and consideration.
A defmite issue in the wage ne?
gotiation.*, however, cannot be reached
before the tirst of the year, as
the demands will not be presented
untrl December 1. Future develop
merts wil] riepend, first, upon the car
riflra1 dispoflitlon of the new demands,
and, second, in the event of a deadlock,
upon further nepotiations agreed to at
to-day'.s meeting at the White Hottflfl.
Now Aflrat* Demands
lt U believed penerally that there
will be no further move in the prflfl.
ent controversy until after the brother?
hoods present their demands for wage
increases affecting 400,000 operatives
and involving increased expenses to
the roads aggregatinjr about $109,000.
000 annually. Should the represer.ta
tives of the roads and the brother?
hoods be unable to agree, the situa?
tion then will be piaced in the hands
of the government under to-day's
agreement, and the roads' decision to
leave their interests to the President's
diapoaition.
Soon after the close of to-day's con?
ferenee, which was said to havi been
most earnest and at times animated.
the heads of the railroad brotherhoods
issued this statement, Hjrned by the
four chairmen, Mcflsra. Stone. Lflfl, ( ar
ter and Garretson:
"The men who comprise the railway
brotherhoods are thorough Americans,
therefore they believe in American
standards of living, and in consequenc<
of this realize that standards of pay
that were established in 1912 and 19H
are inadequate to meet present day
prices for commodities, and for that
reason are demandinj* an increase ln
present rates that will meet half at
least of tho increaie in coit of those
thin-rs which they are compelled to
pttTrh_t-e.
Recognize Patriotic Duty
"They want to cooperate in every
way that is at all possible in the suc?
cessful prosecution of the war, and
they fully realize that the most serious
thing that could occur during the con?
duct of war would be any interruption
of railway transportation, and they in
common with the great body of the
people are determined to do everything
within the bounds of reason to avoid
such interruption.
"Being fully conversant with their
attitude and desire in this matter, we
are in u position to give tl.e assuranc
that if a s.tuation should arise whieli
thrcatens the interruption of transpor?
tation the men whom we reprcsi-it
would be more than willing to diflCOflfl
and con.v.der ar.y solution of the ditfi
culty which presented itself, doinc
in the spirit of patriotic cooperatio >.
and would undoubtedly cooperate with
the government tn the utrftost extent
in arriving at a just, equitable, as well
as patriotic conclusion."
After the foregoing had been made
public. President Wilson issued this
statement:
In addition to the statement given
out by the heads of the railway broth?
erhoods, the President authorized thfl
representatives of the press to say thflt
he had got from the interview exactly
the impression conveyed by the
ment of the heads of the brotherhoods.
namely. that the men whom they repre
sented were not inclined to contend for
anvthing which they did not deem nec?
essary to their own maintenance and
the maintenance of their familit.-, aad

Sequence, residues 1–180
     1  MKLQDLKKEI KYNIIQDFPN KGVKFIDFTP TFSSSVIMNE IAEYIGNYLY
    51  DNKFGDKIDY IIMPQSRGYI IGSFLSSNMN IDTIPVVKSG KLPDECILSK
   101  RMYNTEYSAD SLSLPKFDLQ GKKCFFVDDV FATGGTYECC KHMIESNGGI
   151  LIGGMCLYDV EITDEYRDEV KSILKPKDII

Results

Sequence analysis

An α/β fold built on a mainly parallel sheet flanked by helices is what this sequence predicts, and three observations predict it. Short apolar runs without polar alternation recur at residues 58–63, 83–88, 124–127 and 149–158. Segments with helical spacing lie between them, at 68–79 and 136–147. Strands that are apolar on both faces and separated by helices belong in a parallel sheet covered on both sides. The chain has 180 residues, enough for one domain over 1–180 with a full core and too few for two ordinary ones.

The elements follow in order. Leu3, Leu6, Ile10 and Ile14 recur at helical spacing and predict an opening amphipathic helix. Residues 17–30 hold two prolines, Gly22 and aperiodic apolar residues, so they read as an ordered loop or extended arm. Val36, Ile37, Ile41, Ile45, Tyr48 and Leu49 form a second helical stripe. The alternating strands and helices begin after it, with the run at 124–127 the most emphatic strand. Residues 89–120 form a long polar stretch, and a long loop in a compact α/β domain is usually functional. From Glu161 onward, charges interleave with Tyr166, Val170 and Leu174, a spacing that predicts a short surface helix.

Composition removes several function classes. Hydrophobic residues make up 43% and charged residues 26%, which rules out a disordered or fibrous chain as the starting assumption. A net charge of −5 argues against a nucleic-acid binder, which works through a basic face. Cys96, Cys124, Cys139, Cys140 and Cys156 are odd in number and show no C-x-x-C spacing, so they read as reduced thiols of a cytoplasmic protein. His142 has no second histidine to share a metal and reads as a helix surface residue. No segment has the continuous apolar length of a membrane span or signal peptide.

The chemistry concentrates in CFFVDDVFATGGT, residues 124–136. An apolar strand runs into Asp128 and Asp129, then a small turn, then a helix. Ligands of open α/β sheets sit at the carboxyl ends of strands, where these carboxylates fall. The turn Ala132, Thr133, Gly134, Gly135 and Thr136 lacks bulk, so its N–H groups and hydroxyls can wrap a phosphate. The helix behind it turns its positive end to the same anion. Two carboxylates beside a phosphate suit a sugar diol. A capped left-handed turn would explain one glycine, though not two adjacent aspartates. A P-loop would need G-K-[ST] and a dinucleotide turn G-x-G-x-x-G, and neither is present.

that they would be willing, in case any
critical iituation or eontroversy should
arise, to consider any proposed solution
in a spirit of accommodation and a
patriotic purpose."
Wilson Appeals to Patriotism
Necessity for avoiding transporta?
tion paraljrflia, both from war aad do
mestic consideration*, wai emphafliflfld
by President Wilson during the con?
ferenee. He also was snid to have Iflid
stress on patriotic consideration-,
picturing the dire consequenees in the
war from serious transportation dim
culties. While expressing aympathy
with conditions facin? the railroad
operatives, with thfl risinp cost of liv?
ing largely re-ultant from the war, the
Pre.id.nt was understood tfl have
urg'-d, ar- a patriotic duty, that every
possible step he taken, in any emer
gency, tfl avoid transportation difncul
tits.
Praaidaat Garrotaaa of the rondur
tors' Brotherhood, upeaking for the
four branches, was said to have
>,d Ihfl necessity for higher
wage standards, both as a relier
to the workmen and their fam
Hltfl hikI insun/.g employment of ex
bflheacfld, eornpetent train opcrativr
Hfl noiatfld OUt that many men had Ieft
railroad ernployment hflCattflfl af mofrfl
?ttrsetlva wagofl fllflowhorfl, ar.d that
thfl recruitinjc of rairwaa men for
France and tac <lraft law also had re*
duced thfl 'orn- of trained men in
America.
Difliafllination tO submit their de?
mands to arbitration through thfl
federal Boarrl wa* said tfl have been
franklf an-i poaitivfllf fliprflsflod b]
broth.rhoflda* roprflflflatati*rfl?.
. r,' Wilson, lt wa-, suid, Wai
.hia to th. plan of having thfl
d.maadi prflflflatod to th? earriflri fr>r
n.fotifltion dirocl witk Ihe brotherhoodi
beforr- Ifo'. ernment flgflHCifll "hould in
,,,.,,, und?t Ihfl flgraflaioat that be
',,fi tranaportatlofl ttiaaoaflion should
,?.,,, than iiall be farthflr Rflgotl
ation.
Tb< ronfeienee flgrflcmflat ll ti
_ard*d aa le.vmg Ihe PmidflBt free
to aet in any futur. einergirnry, either
hy initi.tif'K mediation, propOfllog
iMUlatioa tfl < ?c-ngr... or .ning
through Ihe Kederal Board oi other
agency he ""flight drr?, ?dvi*.blc